Practice Practice Pointer

Assessing the painful, uninflamed eye in primary care

BMJ 2015; 351 doi: https://doi.org/10.1136/bmj.h3216 (Published 04 August 2015) Cite this as: BMJ 2015;351:h3216
  1. Lucia Kuffova, senior clinical lecturer, University of Aberdeen; honorary consultant ophthalmologist, NHS Grampian1,
  2. John V Forrester, emeritus professor, University of Aberdeen; clinical professor, University of Western Australia2,
  3. Andrew Dick, professor of ophthalmology3
  1. 1Section of Immunity, Infection and Inflammation, Division of Applied Medicine, University of Aberdeen, School of Medicine and Dentistry, Aberdeen AB25 2ZD, UK
  2. 2Ocular Immunology Program, Centre for Ophthalmology and Visual Science, University of Western Australia, Western Australia, 6009 Australia; and Centre for Experimental Immunology, Lions Eye Institute, Nedlands, WA 6009, Australia
  3. 3Academic Unit of Ophthalmology, School of Clinical Sciences, University of Bristol, Bristol BS8 1TD; National Institute for Health Research (NIHR) Biomedical Research Centre at Moorfields Eye Hospital and University College London Institute of Ophthalmology, London EC1V 2PD, UK
  1. Correspondence to: J V Forrester j.forrester{at}abdn.ac.uk

The bottom line

  • For the patient with a painful, uninflamed eye, it is crucial to check vision—reduced visual acuity is the major alarm signal of serious eye disease

  • Refer all patients with eye pain who have reduced vision

  • Eye pain without visual loss or redness is most often due to non-sight threatening conditions. A careful history and simple, direct examination will differentiate serious from less serious conditions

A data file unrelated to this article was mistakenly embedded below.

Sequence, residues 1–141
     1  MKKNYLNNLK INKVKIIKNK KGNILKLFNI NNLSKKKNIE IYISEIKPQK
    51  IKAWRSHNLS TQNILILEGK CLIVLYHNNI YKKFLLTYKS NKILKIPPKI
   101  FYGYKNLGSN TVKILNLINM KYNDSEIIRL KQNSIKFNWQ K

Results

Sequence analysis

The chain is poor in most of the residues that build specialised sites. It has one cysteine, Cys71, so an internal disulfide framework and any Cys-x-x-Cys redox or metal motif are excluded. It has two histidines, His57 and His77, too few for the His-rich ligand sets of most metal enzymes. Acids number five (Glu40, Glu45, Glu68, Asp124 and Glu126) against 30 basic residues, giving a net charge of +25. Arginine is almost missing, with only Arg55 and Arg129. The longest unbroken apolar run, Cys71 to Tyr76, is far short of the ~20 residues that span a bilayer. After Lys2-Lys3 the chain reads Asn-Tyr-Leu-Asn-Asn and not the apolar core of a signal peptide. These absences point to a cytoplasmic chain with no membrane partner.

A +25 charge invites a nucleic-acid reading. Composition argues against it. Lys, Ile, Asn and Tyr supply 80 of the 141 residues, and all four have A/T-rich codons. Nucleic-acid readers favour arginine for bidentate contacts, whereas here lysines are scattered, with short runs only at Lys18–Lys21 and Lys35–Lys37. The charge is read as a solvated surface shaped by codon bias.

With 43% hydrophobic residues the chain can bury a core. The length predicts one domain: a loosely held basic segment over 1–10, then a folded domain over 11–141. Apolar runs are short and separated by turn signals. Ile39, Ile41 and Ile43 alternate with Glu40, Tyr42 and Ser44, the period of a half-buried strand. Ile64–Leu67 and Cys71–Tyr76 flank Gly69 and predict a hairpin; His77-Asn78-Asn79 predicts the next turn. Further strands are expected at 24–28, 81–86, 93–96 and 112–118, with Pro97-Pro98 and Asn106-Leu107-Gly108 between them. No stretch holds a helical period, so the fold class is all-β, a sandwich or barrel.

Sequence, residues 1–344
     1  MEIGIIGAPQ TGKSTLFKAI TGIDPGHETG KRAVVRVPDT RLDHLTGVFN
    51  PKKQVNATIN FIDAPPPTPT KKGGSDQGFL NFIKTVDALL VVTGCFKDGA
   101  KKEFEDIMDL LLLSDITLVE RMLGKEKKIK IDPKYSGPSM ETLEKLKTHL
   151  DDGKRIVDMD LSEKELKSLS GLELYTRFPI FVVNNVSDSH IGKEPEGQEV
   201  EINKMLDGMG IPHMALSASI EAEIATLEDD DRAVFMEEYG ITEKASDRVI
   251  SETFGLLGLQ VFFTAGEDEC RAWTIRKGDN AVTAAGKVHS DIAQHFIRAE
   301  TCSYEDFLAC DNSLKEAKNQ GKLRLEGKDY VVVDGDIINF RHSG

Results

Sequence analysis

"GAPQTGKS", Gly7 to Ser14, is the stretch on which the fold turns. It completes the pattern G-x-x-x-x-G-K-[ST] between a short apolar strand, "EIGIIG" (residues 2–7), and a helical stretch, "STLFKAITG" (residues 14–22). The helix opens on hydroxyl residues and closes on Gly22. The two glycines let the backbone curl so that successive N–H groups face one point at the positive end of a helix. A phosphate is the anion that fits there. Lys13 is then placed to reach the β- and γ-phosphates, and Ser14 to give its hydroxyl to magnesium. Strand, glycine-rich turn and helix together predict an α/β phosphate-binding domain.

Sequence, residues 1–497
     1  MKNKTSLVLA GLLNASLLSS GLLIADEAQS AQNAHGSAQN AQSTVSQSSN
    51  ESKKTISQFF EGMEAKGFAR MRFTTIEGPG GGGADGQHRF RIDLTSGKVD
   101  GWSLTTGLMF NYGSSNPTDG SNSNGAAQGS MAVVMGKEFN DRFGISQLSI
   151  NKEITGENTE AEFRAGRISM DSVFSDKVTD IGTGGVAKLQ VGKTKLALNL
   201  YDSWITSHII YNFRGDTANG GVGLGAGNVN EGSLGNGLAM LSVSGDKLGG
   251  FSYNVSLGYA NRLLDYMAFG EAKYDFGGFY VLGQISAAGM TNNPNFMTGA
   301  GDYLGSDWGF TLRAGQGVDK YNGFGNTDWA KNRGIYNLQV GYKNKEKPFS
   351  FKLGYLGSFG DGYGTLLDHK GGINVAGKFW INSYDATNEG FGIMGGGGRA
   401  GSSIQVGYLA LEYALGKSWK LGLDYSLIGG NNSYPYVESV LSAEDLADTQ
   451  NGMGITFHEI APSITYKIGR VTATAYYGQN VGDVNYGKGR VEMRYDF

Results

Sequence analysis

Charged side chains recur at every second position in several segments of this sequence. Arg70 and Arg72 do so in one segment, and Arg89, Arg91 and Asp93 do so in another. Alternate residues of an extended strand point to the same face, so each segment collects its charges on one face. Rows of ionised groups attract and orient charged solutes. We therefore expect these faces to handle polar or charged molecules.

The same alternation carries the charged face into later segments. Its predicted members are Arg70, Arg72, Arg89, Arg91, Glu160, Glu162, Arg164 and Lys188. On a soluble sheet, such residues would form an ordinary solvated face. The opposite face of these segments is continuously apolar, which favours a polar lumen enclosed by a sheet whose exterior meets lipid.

• Be alert to potentially sight threatening or life threatening conditions (such as giant cell arteritis, intracranial aneurysm, optic neuritis, and raised intracranial pressure).

  • Be alert to occult eye disease (such as chronic glaucoma, chronic uveitis, and unsuspected trauma)

Eye pain is common. Around 2-5% of general practice patients have an eye complaint featuring pain in and around the eye (ocular, periocular, and periorbital pain, described here collectively as eye pain).1 Among patients attending an ophthalmic emergency department in New Zealand, more than 50% of new referrals were from general practices,2 with eye pain being the most common symptom. The authors suggested that referrals could be reduced with better initial diagnosis.

Eye pain with an inflamed, red eye is common and can be readily triaged for a management plan, in most cases by simple examination with a direct ophthalmoscope3 or pen torch. This is discussed elsewhere in relation to the differential diagnosis and treatment of conjunctivitis4 and when to refer for slit-lamp examination for sight threatening ocular surface inflammation or uveitis.5 Eye pain in an uninflamed (white) eye is less common.6

Guidelines for the diagnosis of conjunctivitis have been produced by the Dutch College of General Practitioners,7 and evidence based summaries on management of the red eye are available (http://cks.nice.org.uk/red-eye), but no validated guidelines for the painful, inflamed or uninflamed, eye have been developed. The present advice is based on …

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